In the 19th century, José Leite de Vasconcelos described Mirandese as "the language of the farms, work, home, and love between the Mirandese," noting that it was a completely separate language from Portuguese. Since 1986/1987 the language has been taught to students between the age of 10 and 11, and Mirandese is now recovering. Today Mirandese has fewer than 5,000 speakers (but the figure go up to 15,000 if one includes second language speakers).

Portugal has taken a further step in protecting Mirandese when the Portuguese Republic officially recognised the language in 1999. It is administrated by the Anstituto de la Lhéngua Mirandesa.


  • (German) (Spanish) Bauske, Bernd (1995) Sprachplannung des Asturianischen. Die Normierung und Normalisierung einer romanischen Kleinsprache in Spannungsfeld von Linguistik, Literatur und Politic. Berlin, Köster (There's also a Spanish translation: (1998) Planificación lingüística del asturiano. Xixón, Vtp ISBN 84-89880-20-4)
  • (German) (Spanish) Lexikon der Romanitischen Linguistik, Bd. 6.I: Aragonesisch/Navarresisch, Spanisch, Asturianisch/Leonesisch. Tübingen, Max Niemeyer, ISBN 3-484-50250-9.
  • (Spanish) Llera Ramo, F. (1994) Los Asturianos y la lengua Asturiana: Estudio Sociolingüístico para Asturias - 1991. Oviedo: Consejería de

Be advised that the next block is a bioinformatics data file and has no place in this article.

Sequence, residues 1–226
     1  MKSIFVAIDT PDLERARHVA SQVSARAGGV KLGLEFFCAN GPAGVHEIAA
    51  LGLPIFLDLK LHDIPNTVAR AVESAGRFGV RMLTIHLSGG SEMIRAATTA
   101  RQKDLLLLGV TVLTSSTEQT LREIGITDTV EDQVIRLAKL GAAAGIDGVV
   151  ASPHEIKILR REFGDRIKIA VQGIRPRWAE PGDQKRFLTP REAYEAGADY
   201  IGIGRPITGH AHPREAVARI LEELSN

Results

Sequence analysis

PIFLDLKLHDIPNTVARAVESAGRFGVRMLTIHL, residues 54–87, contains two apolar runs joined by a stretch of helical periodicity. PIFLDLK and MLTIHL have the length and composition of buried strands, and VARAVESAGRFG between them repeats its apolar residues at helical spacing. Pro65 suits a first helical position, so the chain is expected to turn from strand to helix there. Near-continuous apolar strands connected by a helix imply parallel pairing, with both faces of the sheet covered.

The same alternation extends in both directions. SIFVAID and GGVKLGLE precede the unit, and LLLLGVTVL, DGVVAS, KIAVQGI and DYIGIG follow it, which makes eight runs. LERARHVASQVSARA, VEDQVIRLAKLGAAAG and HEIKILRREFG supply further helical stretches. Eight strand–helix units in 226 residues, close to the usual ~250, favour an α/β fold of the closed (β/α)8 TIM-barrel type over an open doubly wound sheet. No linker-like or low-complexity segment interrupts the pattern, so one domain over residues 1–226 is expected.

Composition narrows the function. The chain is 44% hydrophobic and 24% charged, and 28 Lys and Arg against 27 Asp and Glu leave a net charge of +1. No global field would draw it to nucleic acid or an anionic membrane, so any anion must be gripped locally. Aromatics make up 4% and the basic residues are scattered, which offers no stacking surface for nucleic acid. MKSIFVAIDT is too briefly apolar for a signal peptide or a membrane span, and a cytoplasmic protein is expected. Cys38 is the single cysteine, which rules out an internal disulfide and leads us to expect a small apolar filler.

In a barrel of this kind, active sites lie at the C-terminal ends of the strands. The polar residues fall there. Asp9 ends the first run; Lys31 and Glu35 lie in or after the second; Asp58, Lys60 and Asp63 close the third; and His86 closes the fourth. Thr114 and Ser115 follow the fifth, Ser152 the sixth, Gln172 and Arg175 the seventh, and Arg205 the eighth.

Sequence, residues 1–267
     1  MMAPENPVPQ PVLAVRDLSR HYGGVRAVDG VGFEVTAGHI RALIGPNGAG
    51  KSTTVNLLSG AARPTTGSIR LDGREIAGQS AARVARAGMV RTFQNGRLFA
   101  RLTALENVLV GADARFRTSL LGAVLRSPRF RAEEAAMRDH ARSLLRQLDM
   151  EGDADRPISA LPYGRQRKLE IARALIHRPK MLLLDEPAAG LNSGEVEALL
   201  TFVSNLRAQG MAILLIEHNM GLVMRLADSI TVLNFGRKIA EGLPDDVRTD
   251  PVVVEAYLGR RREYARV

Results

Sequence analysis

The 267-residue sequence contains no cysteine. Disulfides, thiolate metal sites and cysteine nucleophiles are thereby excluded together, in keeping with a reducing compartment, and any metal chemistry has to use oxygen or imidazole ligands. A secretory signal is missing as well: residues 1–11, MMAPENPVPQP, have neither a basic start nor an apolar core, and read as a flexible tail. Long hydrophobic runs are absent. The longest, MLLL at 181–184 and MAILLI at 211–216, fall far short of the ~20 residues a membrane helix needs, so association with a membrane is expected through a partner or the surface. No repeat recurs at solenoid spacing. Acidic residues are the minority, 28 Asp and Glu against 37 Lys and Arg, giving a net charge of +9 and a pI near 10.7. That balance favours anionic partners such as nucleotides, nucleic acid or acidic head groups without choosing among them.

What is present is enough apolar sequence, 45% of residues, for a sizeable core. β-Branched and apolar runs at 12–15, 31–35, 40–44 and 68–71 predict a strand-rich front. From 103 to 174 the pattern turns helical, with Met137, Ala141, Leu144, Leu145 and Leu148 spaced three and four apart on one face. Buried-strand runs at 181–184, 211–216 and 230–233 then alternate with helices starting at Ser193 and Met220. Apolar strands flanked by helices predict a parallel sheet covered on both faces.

Educación y Cultura del Principado de Asturias ISBN 84-7847-297-5.

  • (Spanish) Menéndez Pidal, R (1906): "El dialecto Leonés", Revista de Archivos, Bibliotecas y Museos 2-3:128-172, 4-5:294-311 (There's a modern reprint: (2006) El dialecto Leonés. León, El Buho Viajero ISBN 84-933781-6-X)
  • Wurm, Stephen A. (ed) (2001) Atlas of the World's Languages in Danger of Disappearing. UNESCO ISBN 92-3-103798-6.

External links

  • Héctor García Gil. Asturian-leonese: Linguistic, Sociolinguistic and Legal Aspects.
  • Academia de la Llingua Asturiana – Academy of the Asturian Language – Official website
  • Asturian grammar in English
  • Xunta pola Defensa de la Llingua Asturiana – Committee for the Defense of Asturian Language
  • Principality of Asturias)
  • Real Instituto de Estudios Asturianos – Royal Institute of Asturian Studies (RIDEA or IDEA), founded 1945.
  • Asturian–English dictionary
  • Entry on José Leite de Vasconcelos at the Folclore Português website
  • [2] - González i Planas, Francesc. Institutum Studiorum Romanicorum «Romania Minor». The Asturleonese Dialects.
  • La Caleya - Cultural Association.
  • Furmientu Cultural Association.
  • Faceira Cultural Association.
  • El Teixu Cultural Association.